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Should you use CAPTCHAs on your website’s online forms?

If you want to attract enquiries through your website, it would be a good idea to implement a web form on it rather than simply specify an email address. One reason why is that you could track where the lead came from, such as a PPC ad or a Google search.

You could also potentially add a CAPTCHA to that form in order to guard against an influx of spammy traffic. However, would inserting a CAPTCHA really be warranted in 2022? 

What is a CAPTCHA?

Chances are that you already have at least a decent idea of what it is, perhaps from bitter experience of having needed to repeatedly tap on images of traffic lights just to prove that you are ‘not a robot’. Also, in case you are wondering, yes, ‘CAPTCHA’ is an acronym…

It stands for ‘completely automated public Turing test to tell computers and humans apart’, which is obviously a bit of a mouthful. You might have also occasionally come across CAPTCHAs that require you to type out text pictured in a deliberately distorted form in an attempt to fool spam software. 

Are CAPTCHAs genuinely effective at filtering out spam?

Alas, over time, web spammers have wisened to CAPTCHAs and made progress in adapting to them. Some robotic software is now sophisticated enough to bypass image-based CAPTCHAs, leaving them less than 100% effective at blocking dubious messages. 

Theoretically, CAPTCHAs could still help you to stop attempts at fraud or abuse in their tracks. For example, CAPTCHAs can prevent people from posting dodgy comments and links on those parts of your site that invite comments from users. 

You could also be tempted to integrate CAPTCHAs with your online store as a security-strengthening measure. If you will be building this store from scratch or revamping an existing one, keep in mind that we are adept at designing e-commerce websites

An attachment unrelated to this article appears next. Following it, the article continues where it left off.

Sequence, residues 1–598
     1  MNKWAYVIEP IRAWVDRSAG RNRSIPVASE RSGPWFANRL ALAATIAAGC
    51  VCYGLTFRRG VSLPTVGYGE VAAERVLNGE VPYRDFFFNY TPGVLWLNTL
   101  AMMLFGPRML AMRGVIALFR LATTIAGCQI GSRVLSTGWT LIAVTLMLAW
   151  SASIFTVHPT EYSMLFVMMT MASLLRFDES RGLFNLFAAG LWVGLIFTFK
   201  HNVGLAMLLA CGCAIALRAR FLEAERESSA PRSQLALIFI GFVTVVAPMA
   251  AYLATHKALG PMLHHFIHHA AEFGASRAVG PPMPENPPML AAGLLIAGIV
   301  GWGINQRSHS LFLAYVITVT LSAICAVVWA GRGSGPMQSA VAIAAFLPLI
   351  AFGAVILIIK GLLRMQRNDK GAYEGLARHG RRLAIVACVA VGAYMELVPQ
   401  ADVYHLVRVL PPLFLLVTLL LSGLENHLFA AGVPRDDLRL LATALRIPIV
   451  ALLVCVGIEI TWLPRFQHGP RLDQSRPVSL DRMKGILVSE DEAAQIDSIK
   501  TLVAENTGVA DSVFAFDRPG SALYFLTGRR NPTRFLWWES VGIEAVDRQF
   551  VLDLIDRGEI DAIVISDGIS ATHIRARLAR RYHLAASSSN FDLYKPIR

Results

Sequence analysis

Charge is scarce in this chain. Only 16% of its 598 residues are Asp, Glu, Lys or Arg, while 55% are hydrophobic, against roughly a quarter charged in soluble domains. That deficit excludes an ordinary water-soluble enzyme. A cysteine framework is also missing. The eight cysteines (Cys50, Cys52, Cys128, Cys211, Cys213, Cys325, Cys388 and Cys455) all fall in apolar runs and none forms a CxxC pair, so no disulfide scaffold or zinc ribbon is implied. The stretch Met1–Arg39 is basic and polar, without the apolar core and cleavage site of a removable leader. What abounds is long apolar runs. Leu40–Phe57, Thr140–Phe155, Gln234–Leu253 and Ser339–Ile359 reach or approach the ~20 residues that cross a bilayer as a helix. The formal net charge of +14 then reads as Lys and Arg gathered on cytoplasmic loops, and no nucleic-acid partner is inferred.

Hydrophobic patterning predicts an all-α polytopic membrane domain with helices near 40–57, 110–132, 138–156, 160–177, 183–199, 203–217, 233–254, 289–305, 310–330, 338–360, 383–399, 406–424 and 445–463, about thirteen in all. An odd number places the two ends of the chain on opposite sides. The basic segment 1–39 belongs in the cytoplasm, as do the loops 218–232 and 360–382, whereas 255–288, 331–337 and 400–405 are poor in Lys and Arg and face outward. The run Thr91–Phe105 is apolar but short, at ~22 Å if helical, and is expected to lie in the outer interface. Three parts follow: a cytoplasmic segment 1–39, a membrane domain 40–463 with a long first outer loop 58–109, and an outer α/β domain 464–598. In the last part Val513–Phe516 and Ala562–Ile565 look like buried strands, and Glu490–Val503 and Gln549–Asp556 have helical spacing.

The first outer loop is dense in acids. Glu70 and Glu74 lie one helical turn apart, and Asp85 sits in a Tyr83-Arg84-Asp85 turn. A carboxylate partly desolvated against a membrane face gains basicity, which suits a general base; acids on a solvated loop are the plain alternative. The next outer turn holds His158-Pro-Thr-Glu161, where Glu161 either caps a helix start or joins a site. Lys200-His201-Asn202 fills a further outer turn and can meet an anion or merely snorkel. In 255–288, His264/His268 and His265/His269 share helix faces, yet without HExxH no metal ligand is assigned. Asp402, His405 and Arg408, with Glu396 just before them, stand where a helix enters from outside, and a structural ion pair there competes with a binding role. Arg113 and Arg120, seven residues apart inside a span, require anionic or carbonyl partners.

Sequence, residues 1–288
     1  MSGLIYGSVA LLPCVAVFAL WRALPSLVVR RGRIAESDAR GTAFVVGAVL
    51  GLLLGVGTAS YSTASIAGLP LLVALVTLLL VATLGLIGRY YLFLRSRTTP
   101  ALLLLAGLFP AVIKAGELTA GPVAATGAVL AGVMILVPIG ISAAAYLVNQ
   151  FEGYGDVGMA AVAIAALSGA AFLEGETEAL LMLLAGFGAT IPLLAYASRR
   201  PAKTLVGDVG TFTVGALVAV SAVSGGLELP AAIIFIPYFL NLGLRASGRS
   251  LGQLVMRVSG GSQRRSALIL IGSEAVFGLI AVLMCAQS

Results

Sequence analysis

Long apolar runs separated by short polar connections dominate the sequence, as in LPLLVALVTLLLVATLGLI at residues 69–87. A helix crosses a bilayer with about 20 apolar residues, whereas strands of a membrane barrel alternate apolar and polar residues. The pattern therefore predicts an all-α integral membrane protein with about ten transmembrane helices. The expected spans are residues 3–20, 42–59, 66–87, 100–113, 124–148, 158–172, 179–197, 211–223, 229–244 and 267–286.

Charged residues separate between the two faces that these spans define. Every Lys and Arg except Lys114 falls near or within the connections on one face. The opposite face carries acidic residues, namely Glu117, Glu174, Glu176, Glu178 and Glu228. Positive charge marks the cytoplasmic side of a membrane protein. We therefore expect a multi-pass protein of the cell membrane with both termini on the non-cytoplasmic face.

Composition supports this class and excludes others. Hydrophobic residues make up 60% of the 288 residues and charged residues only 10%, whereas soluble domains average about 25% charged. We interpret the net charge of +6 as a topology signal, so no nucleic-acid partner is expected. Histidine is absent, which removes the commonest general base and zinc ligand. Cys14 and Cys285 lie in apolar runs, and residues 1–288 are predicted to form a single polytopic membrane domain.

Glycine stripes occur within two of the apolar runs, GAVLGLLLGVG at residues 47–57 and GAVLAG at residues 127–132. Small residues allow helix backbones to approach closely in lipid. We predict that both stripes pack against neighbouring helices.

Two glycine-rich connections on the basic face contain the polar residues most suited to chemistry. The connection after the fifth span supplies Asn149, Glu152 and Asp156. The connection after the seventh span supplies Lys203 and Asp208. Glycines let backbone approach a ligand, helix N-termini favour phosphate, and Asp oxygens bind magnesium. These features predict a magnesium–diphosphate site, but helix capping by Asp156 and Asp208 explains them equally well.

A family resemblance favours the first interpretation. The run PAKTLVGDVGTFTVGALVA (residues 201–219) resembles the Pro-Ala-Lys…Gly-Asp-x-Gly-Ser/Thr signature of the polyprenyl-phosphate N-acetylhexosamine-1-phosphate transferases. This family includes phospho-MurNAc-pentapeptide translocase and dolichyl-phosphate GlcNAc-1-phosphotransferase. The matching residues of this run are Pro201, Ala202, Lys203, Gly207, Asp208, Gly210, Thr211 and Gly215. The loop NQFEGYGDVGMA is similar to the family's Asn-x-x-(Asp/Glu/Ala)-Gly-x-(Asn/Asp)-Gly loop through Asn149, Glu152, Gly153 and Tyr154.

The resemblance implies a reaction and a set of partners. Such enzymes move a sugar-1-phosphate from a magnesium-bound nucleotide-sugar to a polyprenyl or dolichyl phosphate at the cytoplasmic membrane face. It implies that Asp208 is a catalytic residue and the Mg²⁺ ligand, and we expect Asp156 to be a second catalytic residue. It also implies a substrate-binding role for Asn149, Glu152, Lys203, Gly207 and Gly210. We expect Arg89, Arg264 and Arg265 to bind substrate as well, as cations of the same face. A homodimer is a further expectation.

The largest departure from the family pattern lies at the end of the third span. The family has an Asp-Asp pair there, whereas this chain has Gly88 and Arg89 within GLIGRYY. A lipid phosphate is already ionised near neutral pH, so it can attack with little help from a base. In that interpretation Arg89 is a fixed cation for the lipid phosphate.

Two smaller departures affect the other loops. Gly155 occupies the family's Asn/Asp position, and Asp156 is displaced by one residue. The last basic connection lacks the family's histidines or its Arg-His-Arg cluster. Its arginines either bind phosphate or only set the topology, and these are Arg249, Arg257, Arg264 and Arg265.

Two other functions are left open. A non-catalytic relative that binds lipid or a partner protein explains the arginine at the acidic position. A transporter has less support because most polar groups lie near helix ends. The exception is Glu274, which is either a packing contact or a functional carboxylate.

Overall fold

Why CAPTCHAs can be counterproductive  

CAPTCHAs are now so commonplace that they have become the butt of jokes for coming across as primitive or not particularly user-friendly. This hints at one of the big drawbacks of CAPTCHAs from a marketing standpoint: they could actually put people off enquiring with or buying from you.

When someone hits the ‘submit’ link on one of your site’s online forms only for the instantly recognisable interface of a CAPTCHA to subsequently appear, the user could decide there and then to look for another site that they hope won’t include a CAPTCHA. 

So, should you actually include CAPTCHAs on your site?

It’s ultimately your decision, and we can make it easier for you to weigh up the pros and cons when you contact our web marketing experts

It could comfort you that Apple is set to bake CAPTCHA-bypassing functionality into software updates for iPhones, iPads and Macs later this year. The feature would work by letting the device itself verify that the user is indeed ‘not a robot’.

You could also strike some kind of balance by including CAPTCHAs that are relatively quick and easy for your well-meaning human customers to complete.

Should you use CAPTCHAs on your website’s online forms
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